Parish Nurse Corner-June-July

Jeremiah 8:17 – “For behold, I will send serpents among you…And they shall bite you, says the Lord.”

Lyme Disease / Tiny Danger

Lyme Disease is a bacterial infection that occurs from being bitten by an infected blacklegged deer tick.  It is the most common tick-borne infectious disease in the USA.  While the infection can be treated with an antibiotic, it can often go undiagnosed before serious and debilitating side effects occur.  Cases of Lyme Disease are heavily concentrated in the Northeast and Upper Midwest of America.  However, 14 states account for more than 96% of reported cases.

Many people who contract the disease do not even notice that they have been bitten.  According to the CDC, the first symptom of the infection in more than 70% of the cases is a rash at the site of the bite; after a few weeks, it will grow and take a bull’s eye shape.  It is associated with nausea and vomiting, diffuse rashes and a higher concentration of bacteria in the blood.  Patients might later experience fever, headache, muscle and joint aches, stiff neck, and fatigue.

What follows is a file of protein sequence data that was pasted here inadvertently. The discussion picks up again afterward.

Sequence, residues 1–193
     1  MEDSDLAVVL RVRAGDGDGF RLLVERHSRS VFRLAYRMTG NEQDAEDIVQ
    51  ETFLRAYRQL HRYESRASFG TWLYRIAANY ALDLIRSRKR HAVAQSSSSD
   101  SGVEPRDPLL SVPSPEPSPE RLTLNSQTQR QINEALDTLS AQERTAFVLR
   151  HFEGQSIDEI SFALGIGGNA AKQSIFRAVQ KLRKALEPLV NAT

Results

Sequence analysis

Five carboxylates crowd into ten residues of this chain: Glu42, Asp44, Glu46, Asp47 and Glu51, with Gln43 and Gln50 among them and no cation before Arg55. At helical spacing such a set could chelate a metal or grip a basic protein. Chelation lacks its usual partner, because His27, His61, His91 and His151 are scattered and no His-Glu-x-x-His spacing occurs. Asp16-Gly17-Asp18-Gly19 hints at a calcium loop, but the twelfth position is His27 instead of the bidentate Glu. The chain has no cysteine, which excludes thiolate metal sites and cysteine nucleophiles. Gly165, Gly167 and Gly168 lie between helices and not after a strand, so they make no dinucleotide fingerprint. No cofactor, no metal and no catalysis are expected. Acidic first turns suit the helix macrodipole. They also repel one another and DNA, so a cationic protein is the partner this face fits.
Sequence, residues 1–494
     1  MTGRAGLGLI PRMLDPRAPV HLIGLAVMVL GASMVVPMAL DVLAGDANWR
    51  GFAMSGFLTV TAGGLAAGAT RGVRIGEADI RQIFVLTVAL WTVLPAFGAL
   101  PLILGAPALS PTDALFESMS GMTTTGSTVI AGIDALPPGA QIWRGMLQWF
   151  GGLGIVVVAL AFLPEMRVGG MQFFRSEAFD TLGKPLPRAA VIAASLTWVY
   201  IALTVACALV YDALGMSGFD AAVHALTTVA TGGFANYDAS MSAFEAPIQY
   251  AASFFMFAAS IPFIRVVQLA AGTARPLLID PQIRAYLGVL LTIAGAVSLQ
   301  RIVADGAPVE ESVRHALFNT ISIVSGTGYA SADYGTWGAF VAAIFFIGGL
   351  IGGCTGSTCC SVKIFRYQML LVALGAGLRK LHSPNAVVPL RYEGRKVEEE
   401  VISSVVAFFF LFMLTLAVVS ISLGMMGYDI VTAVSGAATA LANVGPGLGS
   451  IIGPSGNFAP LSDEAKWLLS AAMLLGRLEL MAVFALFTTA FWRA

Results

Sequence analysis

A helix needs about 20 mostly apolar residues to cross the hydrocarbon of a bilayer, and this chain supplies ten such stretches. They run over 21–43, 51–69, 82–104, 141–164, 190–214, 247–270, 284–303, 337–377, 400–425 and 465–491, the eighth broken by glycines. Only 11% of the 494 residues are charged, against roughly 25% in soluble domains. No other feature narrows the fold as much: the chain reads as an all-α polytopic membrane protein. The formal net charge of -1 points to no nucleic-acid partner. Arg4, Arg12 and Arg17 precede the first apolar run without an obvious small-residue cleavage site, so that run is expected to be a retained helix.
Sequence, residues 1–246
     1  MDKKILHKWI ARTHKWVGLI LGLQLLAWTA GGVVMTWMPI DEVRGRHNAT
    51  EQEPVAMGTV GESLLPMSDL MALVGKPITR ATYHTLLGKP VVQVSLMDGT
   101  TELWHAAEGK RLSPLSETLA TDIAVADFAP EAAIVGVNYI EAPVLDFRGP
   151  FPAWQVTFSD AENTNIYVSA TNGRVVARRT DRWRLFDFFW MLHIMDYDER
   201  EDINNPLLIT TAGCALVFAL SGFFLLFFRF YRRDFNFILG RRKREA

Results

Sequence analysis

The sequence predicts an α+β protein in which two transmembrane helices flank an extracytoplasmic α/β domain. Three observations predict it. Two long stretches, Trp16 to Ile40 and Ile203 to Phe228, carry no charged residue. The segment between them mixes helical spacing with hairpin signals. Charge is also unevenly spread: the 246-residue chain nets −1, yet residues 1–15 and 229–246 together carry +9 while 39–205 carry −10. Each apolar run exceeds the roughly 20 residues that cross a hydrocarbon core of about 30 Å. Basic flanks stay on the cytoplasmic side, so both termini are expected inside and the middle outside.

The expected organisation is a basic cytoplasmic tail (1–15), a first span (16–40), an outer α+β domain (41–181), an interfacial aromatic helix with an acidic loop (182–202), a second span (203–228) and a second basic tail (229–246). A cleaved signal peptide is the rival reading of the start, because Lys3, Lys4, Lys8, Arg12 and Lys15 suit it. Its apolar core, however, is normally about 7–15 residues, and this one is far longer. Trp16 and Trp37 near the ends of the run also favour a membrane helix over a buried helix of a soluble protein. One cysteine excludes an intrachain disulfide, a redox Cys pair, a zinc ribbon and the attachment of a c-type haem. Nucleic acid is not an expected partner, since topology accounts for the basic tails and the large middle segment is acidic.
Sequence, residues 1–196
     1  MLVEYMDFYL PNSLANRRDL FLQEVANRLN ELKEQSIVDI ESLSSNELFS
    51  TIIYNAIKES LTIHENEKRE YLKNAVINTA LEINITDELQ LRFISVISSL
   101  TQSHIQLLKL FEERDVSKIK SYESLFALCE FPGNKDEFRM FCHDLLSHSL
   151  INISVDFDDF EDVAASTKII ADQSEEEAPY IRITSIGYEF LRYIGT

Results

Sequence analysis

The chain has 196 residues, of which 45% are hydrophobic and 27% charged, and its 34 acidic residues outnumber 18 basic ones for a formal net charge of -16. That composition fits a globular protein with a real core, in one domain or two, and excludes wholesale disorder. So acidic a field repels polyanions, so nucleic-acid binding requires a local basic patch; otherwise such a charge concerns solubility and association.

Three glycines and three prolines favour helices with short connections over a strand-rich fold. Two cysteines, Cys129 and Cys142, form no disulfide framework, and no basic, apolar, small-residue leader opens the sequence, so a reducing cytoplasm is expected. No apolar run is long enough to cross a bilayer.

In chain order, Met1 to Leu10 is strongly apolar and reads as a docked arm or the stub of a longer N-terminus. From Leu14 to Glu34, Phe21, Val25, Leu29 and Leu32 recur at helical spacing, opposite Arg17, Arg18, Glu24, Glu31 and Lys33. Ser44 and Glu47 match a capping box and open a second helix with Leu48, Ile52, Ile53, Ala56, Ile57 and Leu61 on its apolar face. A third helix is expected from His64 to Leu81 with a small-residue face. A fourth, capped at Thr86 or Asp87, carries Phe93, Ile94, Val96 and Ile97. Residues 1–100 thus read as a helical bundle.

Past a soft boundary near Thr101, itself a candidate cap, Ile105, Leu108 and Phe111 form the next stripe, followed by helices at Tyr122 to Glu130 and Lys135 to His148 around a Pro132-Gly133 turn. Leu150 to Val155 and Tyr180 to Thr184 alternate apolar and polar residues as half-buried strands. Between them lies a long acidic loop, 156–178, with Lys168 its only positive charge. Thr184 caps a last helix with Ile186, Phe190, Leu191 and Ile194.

Because the symptoms of Lyme Disease mimic other ailments such as the flu, patients can go long periods of time without being properly diagnosed, thus leading to more severe side effects.  When left untreated, Lyme disease can lead to facial paralysis and arthritis.

Physicians initially use visible symptoms and the patient’s medical history to identify Lyme Disease.  A few weeks after infection, lab tests can detect antibodies produced by the immune system in response to the infection.

Ticks are more active in the warmer months of the year, so it is important to protect your family and take extra precautions outdoors.  The CDC recommends the following:

† Use repellents that contain 20% to 30% DEET on exposed skin.

† Treat/spray clothing and gear with products containing 0.5% permethrin

† Avoid wooded and brushy areas with tall grass.

† Walk in the center of trails.

There is no evidence that Lyme disease can be transmitted from person to person or from animals to people.  But, if you have visited a region prone to Lyme Disease and think you could be infected, seek treatment as soon as possible.